The FAA has eliminated growing confusion over interpretations of its rules that led some agency offices to conclude that component repair shops were required to have hangars large enough to house the aircraft they support.
The confusion started with a 2014 request from a component repair specialist with a limited airframe rating. The company’s operations specifications (ops-specs) include Boeing 747s, indicating it can service 747 airframe parts. The shop asked the FAA if a section of the agency’s Part 145 repair station rule that stipulates component shops with limited airframe ratings “must provide suitable permanent housing to enclose the largest type and model aircraft listed” on their ops-specs meant that it needed to have a hangar large enough for a 747. The FAA’s Office of the Chief Counsel said “yes.”
That interpretation led some FAA regional offices to warn airframe component shops that they either needed to secure exemptions or start building hangars.
The Aeronautical Repair Station Association (ARSA) soon jumped in, writing the FAA in December 2015 and demanding that the agency come to its senses.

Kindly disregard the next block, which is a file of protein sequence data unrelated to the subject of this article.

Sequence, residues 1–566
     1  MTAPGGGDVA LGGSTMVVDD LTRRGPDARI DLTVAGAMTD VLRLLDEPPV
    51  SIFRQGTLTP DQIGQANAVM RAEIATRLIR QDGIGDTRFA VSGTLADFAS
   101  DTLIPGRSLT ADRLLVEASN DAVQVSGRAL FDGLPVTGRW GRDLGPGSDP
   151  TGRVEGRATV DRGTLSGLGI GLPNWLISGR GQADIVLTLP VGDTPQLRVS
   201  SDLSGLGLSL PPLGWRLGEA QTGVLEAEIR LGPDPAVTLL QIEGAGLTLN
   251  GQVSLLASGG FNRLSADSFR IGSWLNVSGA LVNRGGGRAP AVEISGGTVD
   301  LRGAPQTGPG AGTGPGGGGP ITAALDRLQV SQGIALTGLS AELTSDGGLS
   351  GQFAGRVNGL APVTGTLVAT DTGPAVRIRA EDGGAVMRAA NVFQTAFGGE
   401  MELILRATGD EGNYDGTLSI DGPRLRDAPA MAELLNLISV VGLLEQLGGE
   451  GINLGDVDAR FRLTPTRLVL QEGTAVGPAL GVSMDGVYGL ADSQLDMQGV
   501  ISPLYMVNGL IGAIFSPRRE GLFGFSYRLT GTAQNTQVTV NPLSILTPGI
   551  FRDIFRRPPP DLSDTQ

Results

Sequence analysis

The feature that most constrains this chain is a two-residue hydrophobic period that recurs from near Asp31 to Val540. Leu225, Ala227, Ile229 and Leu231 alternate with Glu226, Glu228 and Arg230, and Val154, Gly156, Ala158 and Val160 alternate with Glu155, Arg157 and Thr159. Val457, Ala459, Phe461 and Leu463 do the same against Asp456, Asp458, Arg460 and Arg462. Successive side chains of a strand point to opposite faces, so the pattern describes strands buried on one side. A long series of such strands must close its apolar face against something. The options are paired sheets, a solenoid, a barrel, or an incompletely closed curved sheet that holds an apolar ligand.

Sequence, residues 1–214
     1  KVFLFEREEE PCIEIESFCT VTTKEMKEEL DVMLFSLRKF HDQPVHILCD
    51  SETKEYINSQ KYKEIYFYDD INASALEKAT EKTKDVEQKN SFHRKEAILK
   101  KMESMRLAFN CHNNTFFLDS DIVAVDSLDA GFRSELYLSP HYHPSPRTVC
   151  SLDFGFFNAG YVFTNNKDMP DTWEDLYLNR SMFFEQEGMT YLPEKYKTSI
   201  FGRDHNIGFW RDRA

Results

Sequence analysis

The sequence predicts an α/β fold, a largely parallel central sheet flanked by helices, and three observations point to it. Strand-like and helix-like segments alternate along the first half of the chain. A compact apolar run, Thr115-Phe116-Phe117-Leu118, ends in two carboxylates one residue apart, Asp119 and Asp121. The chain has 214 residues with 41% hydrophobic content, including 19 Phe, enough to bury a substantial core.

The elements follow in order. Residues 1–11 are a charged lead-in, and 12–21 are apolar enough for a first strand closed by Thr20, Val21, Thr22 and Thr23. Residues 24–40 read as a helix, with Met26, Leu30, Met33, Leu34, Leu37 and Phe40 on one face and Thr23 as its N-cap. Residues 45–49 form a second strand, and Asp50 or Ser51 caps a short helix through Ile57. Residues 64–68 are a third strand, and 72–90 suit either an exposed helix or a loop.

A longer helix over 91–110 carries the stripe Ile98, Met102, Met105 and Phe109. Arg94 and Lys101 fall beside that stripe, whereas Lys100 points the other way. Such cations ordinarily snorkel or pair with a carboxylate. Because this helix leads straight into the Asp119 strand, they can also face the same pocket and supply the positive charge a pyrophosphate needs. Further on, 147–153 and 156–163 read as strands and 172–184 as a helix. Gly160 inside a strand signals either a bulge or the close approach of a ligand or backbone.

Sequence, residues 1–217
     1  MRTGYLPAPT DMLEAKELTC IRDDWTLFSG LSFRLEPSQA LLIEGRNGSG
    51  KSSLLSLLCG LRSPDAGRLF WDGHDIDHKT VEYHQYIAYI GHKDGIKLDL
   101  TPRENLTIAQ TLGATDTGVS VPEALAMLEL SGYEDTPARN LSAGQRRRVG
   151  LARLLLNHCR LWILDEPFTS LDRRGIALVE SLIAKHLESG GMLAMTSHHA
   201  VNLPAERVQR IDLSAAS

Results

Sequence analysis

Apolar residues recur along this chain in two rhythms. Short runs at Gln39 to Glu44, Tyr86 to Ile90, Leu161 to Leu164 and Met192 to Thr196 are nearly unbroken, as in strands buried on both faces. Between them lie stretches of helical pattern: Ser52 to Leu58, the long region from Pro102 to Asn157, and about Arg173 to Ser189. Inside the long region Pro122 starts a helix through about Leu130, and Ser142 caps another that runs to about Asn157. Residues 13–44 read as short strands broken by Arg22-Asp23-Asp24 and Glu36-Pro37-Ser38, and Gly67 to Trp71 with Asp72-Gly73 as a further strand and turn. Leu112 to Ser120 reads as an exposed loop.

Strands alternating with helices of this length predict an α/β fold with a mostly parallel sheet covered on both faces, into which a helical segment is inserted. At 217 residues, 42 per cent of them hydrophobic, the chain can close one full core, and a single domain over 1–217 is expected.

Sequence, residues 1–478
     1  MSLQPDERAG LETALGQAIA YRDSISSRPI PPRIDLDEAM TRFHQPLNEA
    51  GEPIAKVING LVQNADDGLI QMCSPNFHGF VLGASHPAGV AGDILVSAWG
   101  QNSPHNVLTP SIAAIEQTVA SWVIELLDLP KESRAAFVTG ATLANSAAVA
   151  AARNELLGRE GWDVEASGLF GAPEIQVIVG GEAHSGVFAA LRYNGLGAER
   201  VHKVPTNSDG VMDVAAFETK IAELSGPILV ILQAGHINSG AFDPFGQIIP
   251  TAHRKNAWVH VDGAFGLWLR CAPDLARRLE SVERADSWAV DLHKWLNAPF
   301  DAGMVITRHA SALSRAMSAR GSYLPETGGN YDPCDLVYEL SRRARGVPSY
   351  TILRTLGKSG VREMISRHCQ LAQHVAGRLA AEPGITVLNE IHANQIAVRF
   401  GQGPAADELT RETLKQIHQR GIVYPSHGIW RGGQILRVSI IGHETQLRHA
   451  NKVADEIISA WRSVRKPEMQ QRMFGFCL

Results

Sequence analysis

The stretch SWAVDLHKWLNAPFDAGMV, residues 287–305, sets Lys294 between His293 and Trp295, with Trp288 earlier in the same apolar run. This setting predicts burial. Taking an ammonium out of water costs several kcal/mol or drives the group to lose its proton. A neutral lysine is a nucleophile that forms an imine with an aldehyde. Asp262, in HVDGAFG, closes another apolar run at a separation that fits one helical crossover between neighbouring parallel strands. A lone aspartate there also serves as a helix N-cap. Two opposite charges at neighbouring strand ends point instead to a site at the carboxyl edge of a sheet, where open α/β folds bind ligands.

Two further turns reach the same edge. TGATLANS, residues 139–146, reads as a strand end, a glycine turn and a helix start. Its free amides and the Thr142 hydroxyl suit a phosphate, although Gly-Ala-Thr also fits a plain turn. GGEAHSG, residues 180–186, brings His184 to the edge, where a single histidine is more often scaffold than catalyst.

“For years, the agency has recognized the difference between component-level maintenance and work performed on an aircraft,” the ARSA reasoned. “Surely the chief counsel’s office cannot be contemplating certification action against current holders of airframe component ratings that do not have hangars, which is the only method by which the agency could reconcile the [interpretation] with reality.”
The FAA agreed, and in July issued changes to its rules. The amendments clarify that housing requirements must match both a repair station’s ratings and its limitations.
“For example, a repair station with a limited powerplant rating may list a certain make and model of powerplant under its limited rating, but intend to maintain or repair only specified component parts of the engine, such as blade or vane repairs,” the FAA explained in the rule. “The repair station would only need to provide housing, equipment, materials and personnel to perform maintenance on blades and vanes if it does not perform work on the entire engine.”
The FAA also restored a general “limited rating” category to cover parts such as interior components not listed in the 12 existing ratings categories. The agency removed a similar category in a 2001 rules revamp.